Bitters can add flavor to holiday cocktails (recipes)

Spice up your cocktails with locally made bitters

During the holiday season, party buffet tables are filled with charcuterie, cheeses and maybe too many family recipes for dips, but often the heart of the party can be found at the bar. So for those who want to elevate their holiday cocktail game from the standard spiced eggnog or hot toddy, maybe consider what you can do with a little bottle of bitters.

Cocktail enthusiast Louis Anderman has become known for his line of small batch bitters that harness the flavors of chocolate and chili, yuzu, toasted pecan, or sour cherry. In 2011, he turned his love for classic and innovative cocktails into launching Miracle Mile Bitters.

A former film executive, Anderman named his company after the Miracle Mile district of Los Angeles, as he was living there at the time and liked the sound of it. "I don't think that my other choice, Drunken Master — a nod to my love of Jackie Chan movies — would have gone over as well."

Anderman orders unusual ingredients and spends a lot of time playing with his sous-vide machine, creating more than a dozen types of bitters — many in collaboration with local bartenders.

Now he's selling to the public his celery and Redeye bitters, previously only sold directly to bartenders.

“For the celery, the reason those are so limited is that I make them sous-vide, which automatically limits batch sizes, and only when I can find super perfect celery at the farmers market with the leaves still intact,” says Anderman.

“I use all parts of the celery leaves, stalks, root, and seed, but much of the flavor comes from the leaves. Other ingredients include gentian, angelica root, lemon peel, juniper berries, and grains of paradise.”

Barman Jim Meehan of PDT, the New York City cocktail bar, has used the celery bitters in a Casa Dragones tequila Old Fashioned. And at Harlowe in West Hollywood, bartender Chris Amirault pairs the bitters with a Paloma made with tequila and grapefruit juice, explaining: “It’s a natural. Pairing something vegetal helps bring out the rich agave notes in the tequila.”

The Fourth Regiment cocktail has become one of Anderman’s favorites with Celery bitters. The original recipe, which features three types of bitters, dates back to the 1880s.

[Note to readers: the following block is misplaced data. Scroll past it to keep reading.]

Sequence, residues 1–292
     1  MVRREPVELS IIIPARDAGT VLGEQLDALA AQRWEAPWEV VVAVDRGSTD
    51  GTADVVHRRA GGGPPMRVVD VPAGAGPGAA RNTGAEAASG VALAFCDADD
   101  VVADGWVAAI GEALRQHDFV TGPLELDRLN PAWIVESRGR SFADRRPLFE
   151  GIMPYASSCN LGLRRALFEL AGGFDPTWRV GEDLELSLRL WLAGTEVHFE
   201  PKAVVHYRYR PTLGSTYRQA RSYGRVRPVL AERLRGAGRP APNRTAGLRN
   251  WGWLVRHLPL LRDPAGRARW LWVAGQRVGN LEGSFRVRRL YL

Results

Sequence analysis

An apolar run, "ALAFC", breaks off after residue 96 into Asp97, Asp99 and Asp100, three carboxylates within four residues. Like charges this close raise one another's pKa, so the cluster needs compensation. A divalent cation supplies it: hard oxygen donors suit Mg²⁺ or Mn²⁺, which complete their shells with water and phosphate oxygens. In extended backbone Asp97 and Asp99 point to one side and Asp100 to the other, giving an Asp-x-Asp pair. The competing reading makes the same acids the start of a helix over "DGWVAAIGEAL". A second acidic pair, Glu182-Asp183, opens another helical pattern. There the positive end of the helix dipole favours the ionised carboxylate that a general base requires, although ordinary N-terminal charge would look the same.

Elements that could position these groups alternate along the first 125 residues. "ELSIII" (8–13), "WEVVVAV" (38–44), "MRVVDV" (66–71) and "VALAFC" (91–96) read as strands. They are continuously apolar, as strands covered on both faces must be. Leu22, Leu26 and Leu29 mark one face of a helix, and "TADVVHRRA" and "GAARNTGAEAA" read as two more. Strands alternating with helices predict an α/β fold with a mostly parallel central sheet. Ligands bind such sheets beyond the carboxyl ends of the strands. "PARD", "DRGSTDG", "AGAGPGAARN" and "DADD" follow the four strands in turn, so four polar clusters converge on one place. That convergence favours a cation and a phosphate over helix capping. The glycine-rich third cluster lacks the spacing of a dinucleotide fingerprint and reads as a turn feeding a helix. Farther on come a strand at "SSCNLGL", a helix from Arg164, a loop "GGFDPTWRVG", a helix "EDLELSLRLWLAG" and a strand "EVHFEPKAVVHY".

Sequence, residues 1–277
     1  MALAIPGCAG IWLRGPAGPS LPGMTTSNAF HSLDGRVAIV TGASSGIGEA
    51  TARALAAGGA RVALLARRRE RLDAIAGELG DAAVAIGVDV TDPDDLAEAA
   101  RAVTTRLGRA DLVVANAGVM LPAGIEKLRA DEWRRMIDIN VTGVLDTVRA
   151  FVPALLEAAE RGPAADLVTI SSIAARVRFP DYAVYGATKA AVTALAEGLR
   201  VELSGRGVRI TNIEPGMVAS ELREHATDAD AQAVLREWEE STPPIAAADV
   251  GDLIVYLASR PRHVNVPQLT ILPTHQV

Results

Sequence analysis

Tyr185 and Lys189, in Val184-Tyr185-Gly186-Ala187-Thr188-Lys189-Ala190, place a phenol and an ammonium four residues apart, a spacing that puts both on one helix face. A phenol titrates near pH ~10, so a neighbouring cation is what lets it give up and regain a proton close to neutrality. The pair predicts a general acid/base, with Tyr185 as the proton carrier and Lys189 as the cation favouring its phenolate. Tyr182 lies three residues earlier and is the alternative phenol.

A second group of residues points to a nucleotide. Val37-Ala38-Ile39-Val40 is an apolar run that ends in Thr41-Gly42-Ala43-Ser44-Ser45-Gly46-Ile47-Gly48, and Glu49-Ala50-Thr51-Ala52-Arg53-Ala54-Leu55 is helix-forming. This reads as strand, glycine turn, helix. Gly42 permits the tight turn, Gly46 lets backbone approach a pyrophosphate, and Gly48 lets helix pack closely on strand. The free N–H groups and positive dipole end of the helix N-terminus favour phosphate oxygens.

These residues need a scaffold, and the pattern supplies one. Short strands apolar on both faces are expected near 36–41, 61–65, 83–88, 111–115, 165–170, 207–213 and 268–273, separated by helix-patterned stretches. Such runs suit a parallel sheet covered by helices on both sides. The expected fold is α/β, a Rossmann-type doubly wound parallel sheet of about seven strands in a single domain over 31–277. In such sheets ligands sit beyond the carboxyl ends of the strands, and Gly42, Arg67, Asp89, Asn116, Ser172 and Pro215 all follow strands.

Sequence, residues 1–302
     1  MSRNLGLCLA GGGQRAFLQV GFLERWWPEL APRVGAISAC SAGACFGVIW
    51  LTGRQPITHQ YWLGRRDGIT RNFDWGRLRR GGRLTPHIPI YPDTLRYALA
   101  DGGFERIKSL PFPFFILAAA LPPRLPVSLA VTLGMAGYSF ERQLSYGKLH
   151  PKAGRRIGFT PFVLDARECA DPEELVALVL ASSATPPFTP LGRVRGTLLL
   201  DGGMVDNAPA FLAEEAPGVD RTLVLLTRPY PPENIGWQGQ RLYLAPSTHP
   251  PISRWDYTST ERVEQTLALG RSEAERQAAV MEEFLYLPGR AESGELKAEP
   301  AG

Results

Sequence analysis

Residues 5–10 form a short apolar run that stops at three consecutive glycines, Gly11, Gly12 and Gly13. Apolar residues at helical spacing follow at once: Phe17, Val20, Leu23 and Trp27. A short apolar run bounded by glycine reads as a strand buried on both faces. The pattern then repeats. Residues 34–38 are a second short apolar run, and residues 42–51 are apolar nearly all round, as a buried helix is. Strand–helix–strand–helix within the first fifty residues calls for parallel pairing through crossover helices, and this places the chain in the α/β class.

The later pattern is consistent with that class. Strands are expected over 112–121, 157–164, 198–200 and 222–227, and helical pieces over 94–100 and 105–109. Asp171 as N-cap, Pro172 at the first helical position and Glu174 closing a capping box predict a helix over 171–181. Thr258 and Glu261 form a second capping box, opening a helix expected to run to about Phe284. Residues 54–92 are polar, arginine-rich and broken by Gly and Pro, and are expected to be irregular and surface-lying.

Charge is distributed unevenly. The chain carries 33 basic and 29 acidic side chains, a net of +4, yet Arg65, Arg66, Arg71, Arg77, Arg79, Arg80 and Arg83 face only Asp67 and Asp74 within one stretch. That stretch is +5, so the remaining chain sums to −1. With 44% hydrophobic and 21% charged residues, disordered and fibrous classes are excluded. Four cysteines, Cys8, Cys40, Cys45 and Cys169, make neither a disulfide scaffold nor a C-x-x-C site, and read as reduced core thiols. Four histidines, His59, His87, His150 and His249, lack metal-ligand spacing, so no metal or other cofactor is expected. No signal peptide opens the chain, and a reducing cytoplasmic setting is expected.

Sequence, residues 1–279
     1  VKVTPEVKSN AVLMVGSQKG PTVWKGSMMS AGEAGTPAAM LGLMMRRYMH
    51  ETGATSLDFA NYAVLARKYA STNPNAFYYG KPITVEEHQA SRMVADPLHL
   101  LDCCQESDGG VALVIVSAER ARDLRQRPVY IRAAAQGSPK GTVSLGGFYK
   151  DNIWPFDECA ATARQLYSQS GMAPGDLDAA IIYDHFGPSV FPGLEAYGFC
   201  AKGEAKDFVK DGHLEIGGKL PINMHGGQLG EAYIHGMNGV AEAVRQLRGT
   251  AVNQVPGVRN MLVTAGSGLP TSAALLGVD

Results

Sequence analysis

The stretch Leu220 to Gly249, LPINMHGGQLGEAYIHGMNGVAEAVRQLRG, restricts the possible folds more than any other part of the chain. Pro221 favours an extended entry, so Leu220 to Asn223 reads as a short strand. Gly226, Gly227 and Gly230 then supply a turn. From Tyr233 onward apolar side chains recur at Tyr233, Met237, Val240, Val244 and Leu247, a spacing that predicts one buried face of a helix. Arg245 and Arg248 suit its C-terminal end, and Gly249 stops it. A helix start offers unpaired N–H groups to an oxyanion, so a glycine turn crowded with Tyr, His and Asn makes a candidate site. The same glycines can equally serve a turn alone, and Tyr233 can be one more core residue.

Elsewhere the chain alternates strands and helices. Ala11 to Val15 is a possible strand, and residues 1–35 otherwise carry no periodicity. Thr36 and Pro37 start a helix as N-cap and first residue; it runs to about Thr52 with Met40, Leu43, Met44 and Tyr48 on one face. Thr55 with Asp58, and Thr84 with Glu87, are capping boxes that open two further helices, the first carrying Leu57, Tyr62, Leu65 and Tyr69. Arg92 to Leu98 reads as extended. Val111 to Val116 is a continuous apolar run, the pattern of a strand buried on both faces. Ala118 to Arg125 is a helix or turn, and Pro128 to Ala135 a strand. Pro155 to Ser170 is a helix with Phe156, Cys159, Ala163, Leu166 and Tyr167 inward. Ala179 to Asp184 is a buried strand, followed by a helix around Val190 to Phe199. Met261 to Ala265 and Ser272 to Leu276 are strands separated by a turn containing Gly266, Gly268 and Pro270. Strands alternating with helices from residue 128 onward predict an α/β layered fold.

Amirault also created a drink he calls Big Trouble in Little China China with Anderman’s Redeye bitters. “I wanted to do a take on a rum negroni. The Redeye bitters' deadly combination of coffee, tobacco and bacon gives a full-blown savory winter note to it.”

The original formula, called the 7 Deadly Bitters, was inspired by a request from bartender Joey Bernardo of Harvard & Stone. Anderman loved the result, but knew he couldn't sell something infused with tobacco, so he set out to engineer a substitute.

Anderman found capturing the flavors simple, but mimicking the tannic dryness of the tobacco was more difficult. He experimented with toasted oak infusion spirals and neutral spirit in his sous-vide. Then he added spices, fat washed smoky Nueske’s bacon, powdered oak tannins and caramelized demerara, and poured it over ground Intelligentsia Black Cat espresso. Thus the Redeye bitters were born.

Starting this week, Miracle Mile celery and Redeye bitters will be available at Barkeeper, KL Wines and Winehouse as well as Mixing Glass in Costa Mesa, Umami Mart in Oakland, and the Meadow in Portland, Ore.


Serves 1

From Chris Amirault at Harlowe. This recipe was not tested in the Times Test Kitchen.

1 1/2 oz. Diplomatico Reserva Exclusiva rum

3/4 oz. Bigallet Viriana China China Amer

3/4 oz. sweet vermouth

2 dashes Redeye bitters

Stir with ice, strain into a chilled coupe and garnish with an orange twist.


Serves 1

From Louis Anderman. This recipe was not tested in the Times Test Kitchen.

1 1/2 oz. rye whiskey

1 1/2 oz. sweet vermouth

1 dash Forbidden bitters

1 dash orange bitters

2 dashes celery bitters

Stir with ice, strain into a chilled coupe and garnish with a lemon twist.

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